Paseo Cayalá, Guatemala City’s modern commercial replica of a 16th century colonial town, featuring upscale condos, elegant shops, and gourmet restaurants, was counterintuitively one of the ugliest places I’ve ever visited.  As we drove through Guatemala City, I looked out the window and saw, in the distance, the tops of hundreds of creamy-white buildings with sparkling windows, and perfectly neat red ceramic tile roofs. It looked like a wealthy gated community, and I thought we’d just pass it by.  But, as I reflected on the strangeness of the place against the intense poverty we had seen elsewhere in Guatemala City, I realized that Paseo Cayalá was indeed our destination.

 

A seemingly endless corridor of shops in the tony shopping mall of Paseo Cayalá. Photo by Madhu Murali

The rich and the poor

Guatemala City’s 22 zonas divide the city into economically differentiated neighborhoods, a phenomenon eerily similar to the city zones of the dystopian series “The Hunger Games.” The differences between zones are stark: Zona 1 is the downtown, working-class commercial district that is slowly gentrifying – an area that increasingly features art exhibitions, concerts, film screenings and festivals along its famous pedestrian street La Sexta Avenida. It has a gritty feel and is unsafe to walk around in at night, due to thieves and drug dealers. There are many zones like this in Guatemala’s capital: relatively safe by day, but unsafe at night.  Many more areas are unsafe both day and night. 

Zona 5 is one of many zones marked by extreme poverty, and high rates of gang violence. While we did not actually enter these “slum” zones, we saw them from a distance, as we drove –  makeshift, tightly-packed shantytowns made from stray pieces of cardboard and tin, old tires and other discarded items.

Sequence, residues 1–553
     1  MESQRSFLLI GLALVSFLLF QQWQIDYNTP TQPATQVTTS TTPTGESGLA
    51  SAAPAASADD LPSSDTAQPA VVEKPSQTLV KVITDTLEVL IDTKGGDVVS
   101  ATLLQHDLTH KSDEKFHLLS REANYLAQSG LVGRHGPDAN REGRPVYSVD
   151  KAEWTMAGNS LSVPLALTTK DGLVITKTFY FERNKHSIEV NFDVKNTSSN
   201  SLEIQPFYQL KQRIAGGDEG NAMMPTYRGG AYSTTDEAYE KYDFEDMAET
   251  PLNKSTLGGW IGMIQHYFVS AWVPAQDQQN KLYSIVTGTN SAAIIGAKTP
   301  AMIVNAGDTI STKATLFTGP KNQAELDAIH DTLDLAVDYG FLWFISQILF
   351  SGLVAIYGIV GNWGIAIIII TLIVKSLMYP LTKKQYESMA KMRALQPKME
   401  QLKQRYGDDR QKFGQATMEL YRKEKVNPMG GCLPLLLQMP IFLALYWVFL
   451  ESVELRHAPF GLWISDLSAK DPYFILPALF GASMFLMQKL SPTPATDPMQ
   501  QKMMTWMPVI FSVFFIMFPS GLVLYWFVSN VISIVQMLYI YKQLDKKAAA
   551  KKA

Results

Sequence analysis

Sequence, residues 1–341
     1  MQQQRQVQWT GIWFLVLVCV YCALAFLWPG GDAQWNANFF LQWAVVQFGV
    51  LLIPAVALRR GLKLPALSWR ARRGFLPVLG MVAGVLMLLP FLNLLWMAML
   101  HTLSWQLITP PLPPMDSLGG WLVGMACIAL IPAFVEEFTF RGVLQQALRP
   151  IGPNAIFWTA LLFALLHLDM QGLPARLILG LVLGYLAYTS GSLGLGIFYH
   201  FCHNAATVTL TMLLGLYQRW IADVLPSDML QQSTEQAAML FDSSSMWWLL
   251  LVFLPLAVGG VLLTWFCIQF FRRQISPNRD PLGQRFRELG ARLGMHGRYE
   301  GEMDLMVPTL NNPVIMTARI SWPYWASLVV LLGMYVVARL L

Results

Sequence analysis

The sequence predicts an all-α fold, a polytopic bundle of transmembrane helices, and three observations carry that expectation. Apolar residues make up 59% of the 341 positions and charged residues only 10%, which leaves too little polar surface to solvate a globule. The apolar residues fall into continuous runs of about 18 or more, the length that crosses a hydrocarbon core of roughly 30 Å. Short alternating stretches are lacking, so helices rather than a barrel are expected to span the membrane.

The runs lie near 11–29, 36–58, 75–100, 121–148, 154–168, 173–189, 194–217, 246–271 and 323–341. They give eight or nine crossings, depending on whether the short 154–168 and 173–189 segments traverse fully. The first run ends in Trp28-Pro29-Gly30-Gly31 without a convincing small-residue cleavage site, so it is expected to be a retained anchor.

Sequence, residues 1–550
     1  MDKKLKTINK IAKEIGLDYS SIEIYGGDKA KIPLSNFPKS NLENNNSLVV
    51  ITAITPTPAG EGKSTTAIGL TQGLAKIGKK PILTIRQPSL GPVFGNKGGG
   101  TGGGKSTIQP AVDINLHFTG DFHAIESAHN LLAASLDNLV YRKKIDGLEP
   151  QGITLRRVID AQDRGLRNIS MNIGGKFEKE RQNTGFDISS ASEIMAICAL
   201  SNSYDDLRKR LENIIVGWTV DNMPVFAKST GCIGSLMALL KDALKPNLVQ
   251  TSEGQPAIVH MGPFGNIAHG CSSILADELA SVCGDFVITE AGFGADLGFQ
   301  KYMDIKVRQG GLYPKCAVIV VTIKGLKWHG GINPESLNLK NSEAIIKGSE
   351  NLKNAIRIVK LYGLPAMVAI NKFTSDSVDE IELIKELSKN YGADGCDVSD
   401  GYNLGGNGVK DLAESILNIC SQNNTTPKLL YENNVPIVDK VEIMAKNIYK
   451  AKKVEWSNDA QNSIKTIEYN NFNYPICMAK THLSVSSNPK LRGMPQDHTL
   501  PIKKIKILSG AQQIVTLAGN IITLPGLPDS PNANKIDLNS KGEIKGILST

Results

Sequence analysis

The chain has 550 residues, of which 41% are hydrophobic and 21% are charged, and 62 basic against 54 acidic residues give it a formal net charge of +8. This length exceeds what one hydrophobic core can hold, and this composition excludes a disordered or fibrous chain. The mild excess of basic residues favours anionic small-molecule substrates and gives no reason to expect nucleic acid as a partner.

Our van driver told us that the city had stopped putting flat metal signage on the roads because people so often stole the signs, to serve as makeshift roofs for dwellings. The shantytowns are perched precariously on the sides of steep hills and valleys, creating dangerous living conditions for the millions of people whose homes are vulnerable to being swept away in mudslides. These communities also lack basic services, such as sewer systems, roads and electricity. 

The realities of places like Zona 5, however, only really kicked in when we arrived in Zona 16, the upscale zone for Guatemala’s wealthiest elite, and home to Paseo Cayalá.  Like other upscale malls in Guatemala, built to serve the needs of the global elite, armed security guards are positioned at the entry and exit points. People are allowed to enter based on the sole qualification of their physical appearance of affluence. We, as obvious international tourists, were quickly granted entry. But this bothered me even more. As we walked around observing the marble-topped cappuccino bars, avant-garde art galleries where items cost upwards of $1,000 and or steak houses and sushi bars filled with mahogany, white table clothes and romantic candlelight, I found myself hating every finely-trimmed bush, ornately-carved turret and shiny storefront with piped in muzak. What were we doing there?